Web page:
[tor-relays] Traffic in port 9050 in a relay (denial of service attack?)

mick mbm at rlogin.net
Wed Nov 6 11:51:19 UTC 2013

On Tue, 5 Nov 2013 13:39:50 -0800
I <beatthebastards at inbox.com> allegedly wrote:

> Ip tables are a mystery to me.
> Can someone either explain them or point to a complete explanation,
> please?
> Robert
> "Also, use iptables! If it is a dedicated VPS then drop anything you
> dont recognize, "leaving only Tor ports (9001,9030 default) and maybe
> a service port like 22 for SSH for "something. Port 9050 should not
> be visible from outside..."


The linux kernel ships with a default network packet processing
subsystem called netfilter (see http://www.netfilter.org/ for a
description of the system). iptables is the mechanism by which you can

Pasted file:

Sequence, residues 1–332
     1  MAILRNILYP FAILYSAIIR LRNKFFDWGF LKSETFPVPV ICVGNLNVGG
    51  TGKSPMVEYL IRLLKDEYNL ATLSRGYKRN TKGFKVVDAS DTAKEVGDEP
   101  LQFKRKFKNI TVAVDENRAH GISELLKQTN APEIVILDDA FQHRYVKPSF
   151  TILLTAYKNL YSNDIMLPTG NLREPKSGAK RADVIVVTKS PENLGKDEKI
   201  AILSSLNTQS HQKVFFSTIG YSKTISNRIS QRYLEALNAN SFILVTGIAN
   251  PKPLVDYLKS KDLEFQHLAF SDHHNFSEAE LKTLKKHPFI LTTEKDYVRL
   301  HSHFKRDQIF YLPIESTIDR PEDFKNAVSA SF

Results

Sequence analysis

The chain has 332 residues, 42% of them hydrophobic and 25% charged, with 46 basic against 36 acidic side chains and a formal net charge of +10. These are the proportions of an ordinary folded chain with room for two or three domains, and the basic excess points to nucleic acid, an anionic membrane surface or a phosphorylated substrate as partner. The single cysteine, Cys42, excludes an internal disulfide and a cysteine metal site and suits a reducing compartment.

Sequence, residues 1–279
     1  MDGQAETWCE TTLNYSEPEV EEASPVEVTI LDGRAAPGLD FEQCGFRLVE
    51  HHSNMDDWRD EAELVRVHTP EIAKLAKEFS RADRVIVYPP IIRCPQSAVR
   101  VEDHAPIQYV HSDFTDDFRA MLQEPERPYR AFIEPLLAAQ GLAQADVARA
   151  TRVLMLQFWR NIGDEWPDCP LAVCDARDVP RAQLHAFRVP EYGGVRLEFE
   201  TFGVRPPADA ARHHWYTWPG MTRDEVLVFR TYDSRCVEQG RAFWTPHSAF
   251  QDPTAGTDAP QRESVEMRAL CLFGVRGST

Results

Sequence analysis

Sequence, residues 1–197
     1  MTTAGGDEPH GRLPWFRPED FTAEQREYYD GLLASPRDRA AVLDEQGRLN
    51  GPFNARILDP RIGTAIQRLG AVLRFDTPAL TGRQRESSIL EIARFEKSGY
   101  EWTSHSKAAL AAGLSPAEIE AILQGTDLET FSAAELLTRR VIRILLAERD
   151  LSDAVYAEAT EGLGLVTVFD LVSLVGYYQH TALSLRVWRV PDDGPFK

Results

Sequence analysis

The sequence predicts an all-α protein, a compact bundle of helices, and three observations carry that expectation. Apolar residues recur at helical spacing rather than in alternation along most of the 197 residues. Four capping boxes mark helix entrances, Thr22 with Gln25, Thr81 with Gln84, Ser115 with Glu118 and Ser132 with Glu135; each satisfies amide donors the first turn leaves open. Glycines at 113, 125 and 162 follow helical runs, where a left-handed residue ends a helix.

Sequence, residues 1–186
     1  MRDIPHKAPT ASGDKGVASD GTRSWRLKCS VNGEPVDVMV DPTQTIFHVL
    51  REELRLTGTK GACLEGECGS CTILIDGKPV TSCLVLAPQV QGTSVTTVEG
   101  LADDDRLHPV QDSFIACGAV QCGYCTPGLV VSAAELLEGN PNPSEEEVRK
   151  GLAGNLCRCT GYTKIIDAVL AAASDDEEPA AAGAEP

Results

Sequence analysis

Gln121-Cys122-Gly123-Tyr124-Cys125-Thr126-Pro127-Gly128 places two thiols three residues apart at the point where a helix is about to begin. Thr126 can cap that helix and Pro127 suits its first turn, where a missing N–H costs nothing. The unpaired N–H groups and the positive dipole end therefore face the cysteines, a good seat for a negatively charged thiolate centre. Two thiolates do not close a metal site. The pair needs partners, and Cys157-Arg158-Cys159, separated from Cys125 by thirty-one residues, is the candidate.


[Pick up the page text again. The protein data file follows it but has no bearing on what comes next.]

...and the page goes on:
define rules to apply to packet filtering in that system. Most people
use iptables to set up default firewall rulesets allowing inbound
traffic only to certain services and denying all others. 

For example, on a webserver you might wish to allow in only
traffic aimed at ports 80 and, if you are running SSL/TLS, 443.
(Of course if that webserver is running remotely you almost certainly
need to allow in traffic to the ssh port to permit remote

This is not strictly on-topic for the tor list so you might care to
spend some time perusing the netfilter web page and its related
resources (FAQs, lists etc). Short term  and if it helps you, I wrote
some recommended iptables configuration scripts a while ago. See

Note, however, that whilst /I/ believe those configurations to be
safe and useful, I would not recommend that you blindly trust my
scripts without first understanding what they do. Netfilter is
complex, and trusting some unknown third party (me) with your
firewall configuration may not be the best idea in the world. :-)



 Mick Morgan
 gpg fingerprint: FC23 3338 F664 5E66 876B  72C0 0A1F E60B 5BAD D312


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